Courses

Masters Course — 1st Semester[Link to Studiegids]

Video Games for Research: Developing Interactive Experiences for Analytic Inquiries

Lecturer(s): Mike Preuss and Marcello A. Gómez-Maureira

Scientific experiments frequently require participants to carry out tasks under controlled circumstances in ways that resemble game-like scenarios. Some research projects even specifically involve interactive experiences such as video games in order to collect data or to educate people. Designing and conducting game-based research projects requires understanding not just of one's own field of study, but also of the conventions and practical considerations that are part of video game development.

In this course, students learn how to design a game-based research project that involves either the modification of an existing video game, or the purposeful development of a new interactive experience. In the process they learn about existing 'serious game' projects, recent developments in game research more generally, and technological affordances that can be used in video games and interactive experiences (such as AR/VR or networked interactivity). Course lectures provide the theoretical foundation for game-based research practices, as well as game design and development principles. Workshops provide space for related discussion and applied, collaborative development work. At the end of the course, students will have gained the experience of conducting research work with the help of video games, and will be able to apply it in their area of study.

Masters Course — 2nd Semester[Link to Studiegids]

Modern Game AI Algorithms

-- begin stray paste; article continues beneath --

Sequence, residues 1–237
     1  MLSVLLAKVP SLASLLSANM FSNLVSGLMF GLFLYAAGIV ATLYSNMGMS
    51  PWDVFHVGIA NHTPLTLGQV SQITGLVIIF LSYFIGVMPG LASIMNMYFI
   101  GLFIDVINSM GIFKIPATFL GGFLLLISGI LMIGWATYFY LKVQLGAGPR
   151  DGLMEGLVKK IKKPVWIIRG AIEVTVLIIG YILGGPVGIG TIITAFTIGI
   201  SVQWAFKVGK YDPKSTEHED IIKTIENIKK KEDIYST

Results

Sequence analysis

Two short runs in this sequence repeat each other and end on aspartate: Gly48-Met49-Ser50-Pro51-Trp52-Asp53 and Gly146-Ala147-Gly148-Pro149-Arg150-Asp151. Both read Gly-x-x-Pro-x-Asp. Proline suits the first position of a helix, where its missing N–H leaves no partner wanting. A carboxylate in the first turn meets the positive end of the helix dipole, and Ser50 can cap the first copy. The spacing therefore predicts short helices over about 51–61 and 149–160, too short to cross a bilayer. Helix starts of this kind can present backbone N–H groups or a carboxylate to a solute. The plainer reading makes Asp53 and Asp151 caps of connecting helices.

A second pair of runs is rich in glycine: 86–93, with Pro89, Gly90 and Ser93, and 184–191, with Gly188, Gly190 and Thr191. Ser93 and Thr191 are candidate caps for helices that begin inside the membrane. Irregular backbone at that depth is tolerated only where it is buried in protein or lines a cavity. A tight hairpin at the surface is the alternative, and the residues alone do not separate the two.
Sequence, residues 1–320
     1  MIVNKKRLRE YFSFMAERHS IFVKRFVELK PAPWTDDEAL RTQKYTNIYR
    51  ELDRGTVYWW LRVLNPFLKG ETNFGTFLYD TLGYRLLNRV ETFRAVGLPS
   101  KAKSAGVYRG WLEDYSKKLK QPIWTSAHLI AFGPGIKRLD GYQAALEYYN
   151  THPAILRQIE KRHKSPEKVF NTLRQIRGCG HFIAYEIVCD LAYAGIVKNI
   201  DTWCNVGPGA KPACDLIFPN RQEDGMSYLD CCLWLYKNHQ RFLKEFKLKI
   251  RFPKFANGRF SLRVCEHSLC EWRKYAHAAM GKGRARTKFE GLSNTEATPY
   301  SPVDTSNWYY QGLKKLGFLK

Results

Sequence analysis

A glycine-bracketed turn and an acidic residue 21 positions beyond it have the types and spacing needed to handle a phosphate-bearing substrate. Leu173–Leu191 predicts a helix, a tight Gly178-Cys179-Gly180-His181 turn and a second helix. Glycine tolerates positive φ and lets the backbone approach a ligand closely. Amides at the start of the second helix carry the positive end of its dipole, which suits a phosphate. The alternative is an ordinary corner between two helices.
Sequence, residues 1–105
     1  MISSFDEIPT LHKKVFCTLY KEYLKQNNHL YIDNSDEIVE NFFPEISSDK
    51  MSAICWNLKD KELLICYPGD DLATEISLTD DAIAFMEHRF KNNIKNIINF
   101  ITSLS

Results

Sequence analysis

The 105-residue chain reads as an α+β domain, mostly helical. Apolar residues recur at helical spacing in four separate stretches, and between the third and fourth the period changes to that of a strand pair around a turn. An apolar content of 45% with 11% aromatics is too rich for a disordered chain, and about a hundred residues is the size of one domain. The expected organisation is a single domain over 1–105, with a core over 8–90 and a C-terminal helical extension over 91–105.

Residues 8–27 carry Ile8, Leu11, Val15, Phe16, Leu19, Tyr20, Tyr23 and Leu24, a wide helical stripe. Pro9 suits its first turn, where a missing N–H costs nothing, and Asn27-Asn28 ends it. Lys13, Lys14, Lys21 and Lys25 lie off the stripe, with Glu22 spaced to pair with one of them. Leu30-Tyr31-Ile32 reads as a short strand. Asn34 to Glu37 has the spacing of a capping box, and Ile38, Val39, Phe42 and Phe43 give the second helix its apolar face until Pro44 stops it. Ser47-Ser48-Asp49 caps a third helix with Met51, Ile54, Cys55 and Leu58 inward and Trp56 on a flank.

Lecturer(s): Mike Preuss

In the last years, Game AI has left the nerd interest area and is now known as incubator for many of the most important AI algorithms of our time. Almost the same methods are employed for beating the world champion in Go as well as solving very complex Chemistry problems for the first time in an automated fashion. We have recently witnessed programs beating human professionals in StarCraft and MOBA games and it is one part of the course to learn what kind of algorithms were used to do it.

Game playing is one pillar of modern Game AI, the others are procedurally generating content (PCG) and modelling players, and of course all these 3 can be combined in various ways. Of course, these methods have ties also to other fields (e.g., behavior trees originated in robotics) and are not constrained to game uses. This renders the course a good introduction also to general AI.

Bachelor Course — 1st Semester[Link to Studiegids]

Introduction to Video Game Making

Lecturer(s): Marcello A. Gómez-Maureira and Isabelle Kniestedt

Once upon a time, developing computer games required in-depth knowledge of computer hardware — how it works, and how to program for it. While this is still the case for commercial game development, there are now more resources than ever that support newcomers in creating a game project.

In this course students learn the basic principles of game development and how to deconstruct a game idea into the many challenges that need to be solved to create it. Apart of creating games, this course gives students a better understanding of the ways in which the technological aspects of the medium shape their rhetorical, visual, and narrative dimensions. This will help students to become well-informed game critics, and gives them the ability to express ideas through the medium of video games.

Bachelor Course — 2nd Semester[Link to Studiegids]

Hands-On: Reflective Game Development in Action

Lecturer(s): Joris Dormans and Marcello A. Gómez-Maureira

Games are cultural artefacts that are both shaped by society as well as an expression of its values and norms. Games entertain us, connect us, and educate us when we play them. But just as literature does not simply come into existence, games are developed by authors who design the experience a player will go through.

In this course students dedicate a whole semester to the creative and reflective endeavour of developing game prototypes; draft-like manifestations of games, created to find out how players will interact with a game. Under the guidance of the course lecturer(s) students work in groups to create both a non-digital and a digital (or digitally mediated) game prototype. Finally, because being "hands-on" is more than simply creating a game, students produce a theoretically sound reflection on the aims and accomplishments of their work.